It’s the change in their lives that makes fostering cats and kittens so rewarding for Lisa Archbold.
For the past three years Lisa has opened her home to cats and kittens, usually in a vulnerable state and, sometimes, sick, brought to the SPCA in Wellington.
They flourish in a home environment where the people contact also helps socialise them.
By the time Lisa returns them to the SPCA, now based in the former fever hospital in the Town Belt above Newtown, they are “in a different space” and ready for a permanent home.
Giving them back is the worst part but knowing they will soon be ready for their new homes makes it all worthwhile.
I always choke up when I bring them back,” she says.
In a number of cases, friends have adopted kittens that have stayed at Lisa’s home.
However, there was one she didn’t return, a boy, now named Bobo.
She says that this shy tabby, now three, has become the “smoochiest” and like a teddy bear.
Lisa has been a volunteer with the SPCA in Auckland and then Wellington for many years.
In Wellington she began helping with vet care and interviewing new volunteers.
Lisa was then asked to do fostering and joined a team of more than 300.
After the hard sell to her partner, she began fostering more than three years ago.
The main requirement is a separate space in the house. This could be a bedroom or a bathroom.
The fosterer must also be able to ensure that the animals have their regular flea and worm treatments during the foster period. SPCA has a veterinary practice that provides these, as well as any medications required.
She and her partner have four cats of their own so the fostered cats and kittens must have a dedicated room of their own, especially if any are sick.
Foster cats and kittens (the ones she has without their mother are always weaned) at Lisa’s are spoiled for choice with a queen-sized bed to sleep on or under.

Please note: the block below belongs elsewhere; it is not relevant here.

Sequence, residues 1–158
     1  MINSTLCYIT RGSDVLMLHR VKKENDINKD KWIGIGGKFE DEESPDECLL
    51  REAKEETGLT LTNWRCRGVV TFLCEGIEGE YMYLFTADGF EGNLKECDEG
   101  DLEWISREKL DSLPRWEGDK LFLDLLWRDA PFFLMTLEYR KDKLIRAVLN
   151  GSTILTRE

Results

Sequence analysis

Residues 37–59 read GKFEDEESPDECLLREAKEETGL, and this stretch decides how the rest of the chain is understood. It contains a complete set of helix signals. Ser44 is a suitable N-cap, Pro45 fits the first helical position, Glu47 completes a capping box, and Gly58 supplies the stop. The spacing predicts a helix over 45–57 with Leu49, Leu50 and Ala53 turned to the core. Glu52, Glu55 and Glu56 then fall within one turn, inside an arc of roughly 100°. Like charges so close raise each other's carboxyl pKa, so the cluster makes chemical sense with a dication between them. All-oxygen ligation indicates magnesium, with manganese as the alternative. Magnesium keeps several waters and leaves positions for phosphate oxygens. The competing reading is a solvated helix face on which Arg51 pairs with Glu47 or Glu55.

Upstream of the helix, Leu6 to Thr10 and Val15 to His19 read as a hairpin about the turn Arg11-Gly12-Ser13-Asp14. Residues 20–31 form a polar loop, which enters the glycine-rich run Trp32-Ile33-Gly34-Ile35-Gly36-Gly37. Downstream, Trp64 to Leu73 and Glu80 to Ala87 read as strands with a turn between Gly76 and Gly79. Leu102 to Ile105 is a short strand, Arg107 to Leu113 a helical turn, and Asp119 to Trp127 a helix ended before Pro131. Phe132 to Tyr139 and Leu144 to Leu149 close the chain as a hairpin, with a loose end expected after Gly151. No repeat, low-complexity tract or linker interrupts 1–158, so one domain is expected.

Lisa puts plastic on the carpet if she thinks it might be needed.
“The room is a nice warm safe spot to be,” she says.
She says a person has to be an animal lover to successfully do fostering.
Bringing out her maternal side
Lisa jokes that it brings out her maternal side.
As Lisa works for herself she chooses the number and age of animals according to her varying work schedule.
She needs to be home enough if the cats and kittens need to be socialised. Often they are timid because of what they have been through before they reached the SPCA.
However, an adult cat recovering from minor illness or injury can be left longer if the foster parent is away at work.
Lisa gets up a little earlier each day to service the room and spend time with the animals.
Fostering a family affair
Family members also help.
“It is always very sweet to have young animals in the household,” Lisa says.
Kittens are desexed once they weigh 1 kg – usually around eight to ten weeks of age.
Sometimes the foster cats or kittens are recovering from sickness and need to be left in peace.
Lisa believes the home environment makes a big difference to their recovery.
Over the years, she’s had only two that didn’t make it and had to be put to sleep.
The SPCA has another team of volunteers who look after newborn kittens in their homes that require round the clock three-hourly bottle feeding.
The Wellington SPCA has more than 300 people fostering animals – mostly kittens and cats.
Even sheep and horses
But they also foster dogs, puppies, rabbits, guinea pigs, chickens and, even, sheep, goats and horses.
The foster season in Wellington traditionally runs from September until early winter.
SPCA provides all the supplies needed for fostering.
Animals are welcome to stay as long as it takes to get them a new home.
More fosterers are always needed. The SPCA has branches around New Zealand. Contact them if you can help.
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